Kalapuya dictionaries are stacked on a table at Esther Stutzman's in Yoncalla, Oregon.

Kalapuya dictionaries are stacked on a table at Esther Stutzman’s in Yoncalla, Oregon.

Leah Nash / Highlighted News

Notaries: What was it like when you first held these books in your hands?

Stutzman: For me, it was magical. It was like owning the history, like owning the culture, with in a way all the hopes of recreating the language of the people.

Notaries: Aiyana, since the books were published, you and your family have worked to relearn some of this language. How does this process work? What does a lesson look like?

Ayanna Brown: It’s a bit difficult because, you know, we don’t have native speakers or masters of the language that we can really relate to. Much of this we have to bounce off each other – whether it’s pronunciation, sentence structure, or just word understanding. This can sometimes be difficult. So it’s been a challenge, but slowly and surely, even if it’s just one word at a time, we’re definitely trying.

Kalapuya-language notes are scattered around Esther Stutzman's home, which served as a meeting place for language studies and a distribution headquarters for dictionaries.

Kalapuya-language notes are scattered around Esther Stutzman’s home, which served as a meeting place for language studies and a distribution headquarters for dictionaries.

Leah Nash / Highlighted News

Notaries: As you learn the language, do you find that you think about it more in your daily life? Have you ever looked at an object and the word Kalapuya comes to mind?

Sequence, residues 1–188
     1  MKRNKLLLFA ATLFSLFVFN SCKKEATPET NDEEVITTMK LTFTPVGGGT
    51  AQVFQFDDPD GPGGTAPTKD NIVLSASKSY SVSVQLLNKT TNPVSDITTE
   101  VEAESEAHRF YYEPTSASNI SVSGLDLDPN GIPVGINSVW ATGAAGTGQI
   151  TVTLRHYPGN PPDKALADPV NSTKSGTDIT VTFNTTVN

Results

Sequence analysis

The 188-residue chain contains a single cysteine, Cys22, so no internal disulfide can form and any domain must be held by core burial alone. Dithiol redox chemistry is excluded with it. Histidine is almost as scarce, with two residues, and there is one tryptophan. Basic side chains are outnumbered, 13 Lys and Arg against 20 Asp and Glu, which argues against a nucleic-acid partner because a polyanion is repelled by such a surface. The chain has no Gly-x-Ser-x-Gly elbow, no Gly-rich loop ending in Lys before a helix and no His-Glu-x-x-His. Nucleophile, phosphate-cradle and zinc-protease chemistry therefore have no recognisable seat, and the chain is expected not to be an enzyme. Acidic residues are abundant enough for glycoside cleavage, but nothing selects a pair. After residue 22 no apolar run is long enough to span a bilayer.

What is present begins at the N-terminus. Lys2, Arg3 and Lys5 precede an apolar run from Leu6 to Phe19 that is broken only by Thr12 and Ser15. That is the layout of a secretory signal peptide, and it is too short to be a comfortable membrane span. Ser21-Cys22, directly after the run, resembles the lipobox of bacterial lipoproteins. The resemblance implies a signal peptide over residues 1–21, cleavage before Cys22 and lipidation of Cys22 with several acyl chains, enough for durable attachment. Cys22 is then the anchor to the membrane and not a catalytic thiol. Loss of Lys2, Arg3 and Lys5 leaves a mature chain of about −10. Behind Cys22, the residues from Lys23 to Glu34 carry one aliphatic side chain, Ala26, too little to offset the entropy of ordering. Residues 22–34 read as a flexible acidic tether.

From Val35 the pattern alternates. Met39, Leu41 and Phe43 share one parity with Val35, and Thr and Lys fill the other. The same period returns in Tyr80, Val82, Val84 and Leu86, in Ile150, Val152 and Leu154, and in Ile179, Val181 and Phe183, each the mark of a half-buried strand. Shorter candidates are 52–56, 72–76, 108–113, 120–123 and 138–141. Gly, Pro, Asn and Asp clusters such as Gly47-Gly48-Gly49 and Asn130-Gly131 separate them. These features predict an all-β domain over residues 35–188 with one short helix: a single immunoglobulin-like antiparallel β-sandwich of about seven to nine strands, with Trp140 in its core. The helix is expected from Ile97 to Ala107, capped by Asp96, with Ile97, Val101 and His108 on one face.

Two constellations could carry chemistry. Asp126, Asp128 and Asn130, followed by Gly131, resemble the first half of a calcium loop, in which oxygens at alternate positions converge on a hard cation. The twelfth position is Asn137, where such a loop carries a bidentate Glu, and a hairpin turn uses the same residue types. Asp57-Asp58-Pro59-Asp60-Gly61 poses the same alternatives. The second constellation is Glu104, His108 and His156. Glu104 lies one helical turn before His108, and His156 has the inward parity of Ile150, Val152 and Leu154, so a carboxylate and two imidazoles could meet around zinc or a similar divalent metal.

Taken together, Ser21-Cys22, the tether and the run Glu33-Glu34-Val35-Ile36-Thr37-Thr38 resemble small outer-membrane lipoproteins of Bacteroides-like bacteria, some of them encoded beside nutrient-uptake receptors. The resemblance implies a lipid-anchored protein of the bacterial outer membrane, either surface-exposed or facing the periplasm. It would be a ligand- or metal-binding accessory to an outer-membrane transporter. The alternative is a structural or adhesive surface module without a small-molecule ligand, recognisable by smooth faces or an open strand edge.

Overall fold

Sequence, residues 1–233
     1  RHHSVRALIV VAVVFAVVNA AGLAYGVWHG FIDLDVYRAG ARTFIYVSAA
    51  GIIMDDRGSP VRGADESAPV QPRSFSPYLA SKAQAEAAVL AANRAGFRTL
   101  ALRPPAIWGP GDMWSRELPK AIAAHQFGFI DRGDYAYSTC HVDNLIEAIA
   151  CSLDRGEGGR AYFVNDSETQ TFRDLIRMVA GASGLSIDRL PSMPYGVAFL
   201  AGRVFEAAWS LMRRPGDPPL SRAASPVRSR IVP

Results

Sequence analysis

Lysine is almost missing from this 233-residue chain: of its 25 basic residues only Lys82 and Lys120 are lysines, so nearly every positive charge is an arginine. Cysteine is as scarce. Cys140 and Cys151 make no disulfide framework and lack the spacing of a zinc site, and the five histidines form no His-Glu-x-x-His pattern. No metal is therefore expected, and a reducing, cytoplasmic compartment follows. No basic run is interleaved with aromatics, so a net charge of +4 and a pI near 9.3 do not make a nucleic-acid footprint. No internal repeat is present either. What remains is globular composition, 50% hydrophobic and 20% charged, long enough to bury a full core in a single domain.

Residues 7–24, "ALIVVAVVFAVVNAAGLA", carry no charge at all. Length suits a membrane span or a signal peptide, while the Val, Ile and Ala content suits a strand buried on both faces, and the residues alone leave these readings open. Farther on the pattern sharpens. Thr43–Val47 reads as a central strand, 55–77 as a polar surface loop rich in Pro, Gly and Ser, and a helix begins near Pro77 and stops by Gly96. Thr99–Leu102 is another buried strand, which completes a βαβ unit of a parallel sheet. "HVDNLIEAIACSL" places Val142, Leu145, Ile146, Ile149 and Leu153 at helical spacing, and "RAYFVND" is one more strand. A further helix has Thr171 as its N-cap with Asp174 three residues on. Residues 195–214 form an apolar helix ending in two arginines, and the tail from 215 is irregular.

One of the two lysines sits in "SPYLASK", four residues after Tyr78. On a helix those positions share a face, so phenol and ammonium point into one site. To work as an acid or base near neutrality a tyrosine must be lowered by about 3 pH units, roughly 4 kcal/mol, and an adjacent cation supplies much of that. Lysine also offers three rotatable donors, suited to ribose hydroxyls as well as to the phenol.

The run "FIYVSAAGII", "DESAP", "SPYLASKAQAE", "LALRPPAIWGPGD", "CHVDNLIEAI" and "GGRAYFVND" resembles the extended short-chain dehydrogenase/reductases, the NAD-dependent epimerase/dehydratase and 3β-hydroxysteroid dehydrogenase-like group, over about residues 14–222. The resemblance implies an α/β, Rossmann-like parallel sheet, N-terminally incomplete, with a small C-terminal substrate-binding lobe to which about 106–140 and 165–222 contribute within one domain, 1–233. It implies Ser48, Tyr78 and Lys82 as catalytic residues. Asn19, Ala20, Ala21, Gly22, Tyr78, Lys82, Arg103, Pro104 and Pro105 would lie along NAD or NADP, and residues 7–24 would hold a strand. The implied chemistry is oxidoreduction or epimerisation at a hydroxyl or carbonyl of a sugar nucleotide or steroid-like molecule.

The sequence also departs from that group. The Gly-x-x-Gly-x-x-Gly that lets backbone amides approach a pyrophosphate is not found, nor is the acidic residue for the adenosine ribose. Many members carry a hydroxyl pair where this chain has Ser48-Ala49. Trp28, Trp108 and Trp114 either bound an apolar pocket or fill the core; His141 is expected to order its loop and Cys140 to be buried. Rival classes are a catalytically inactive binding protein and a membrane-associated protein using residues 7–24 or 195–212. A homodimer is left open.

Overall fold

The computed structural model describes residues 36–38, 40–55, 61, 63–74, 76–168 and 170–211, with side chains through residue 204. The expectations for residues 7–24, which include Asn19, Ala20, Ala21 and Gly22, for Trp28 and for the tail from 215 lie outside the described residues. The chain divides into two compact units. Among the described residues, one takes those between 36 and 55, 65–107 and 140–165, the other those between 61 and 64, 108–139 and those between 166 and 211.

Chestnut: Yes, actually quite often! I go through my day and I’m like “Oh, well, this is garbage, this is gitkofin; I know the one from Kalapuya.

Notaries: What other words or phrases have you learned?

Chestnut: For me personally, one of my favorites is our traditional intro. It’s just about saying my name, my heritage, who I’m related to, and my tribes of origin. So it’s “Qá’pai.” Tci tanq’uat Aiyana. Tsum aná by Shannin Stutzman. Tanketsi’ Esther Stutzman. Tsum Komemma Kalapuya nau Hanis Coos.

Notaries: Esther, how does it feel to hear your granddaughter speak Kalapuya?

Stutzman: Oh, that makes me really proud and hopeful. I know the younger generation will carry on. We do this by offering courses, not only to our people, but also to other interested people who would like to learn.

Notaries: What are your hopes for the future of the Kalapuyan language and the Kalapuya people?

Stutzman: My real hope is that maybe Aiyana’s generation will be fluent enough in the language. I think it will take that long. I know that in my life I will never speak it fluently. simply because there is so much to learn, but the younger generation has time to learn it. So what we’re doing is we’re building a foundation right now. For me, this is the first important step: it is this foundation.

Listen to Esther Stutzman and Aiyana Brown’s conversation with OPB Weekend Edition host John Notarianni: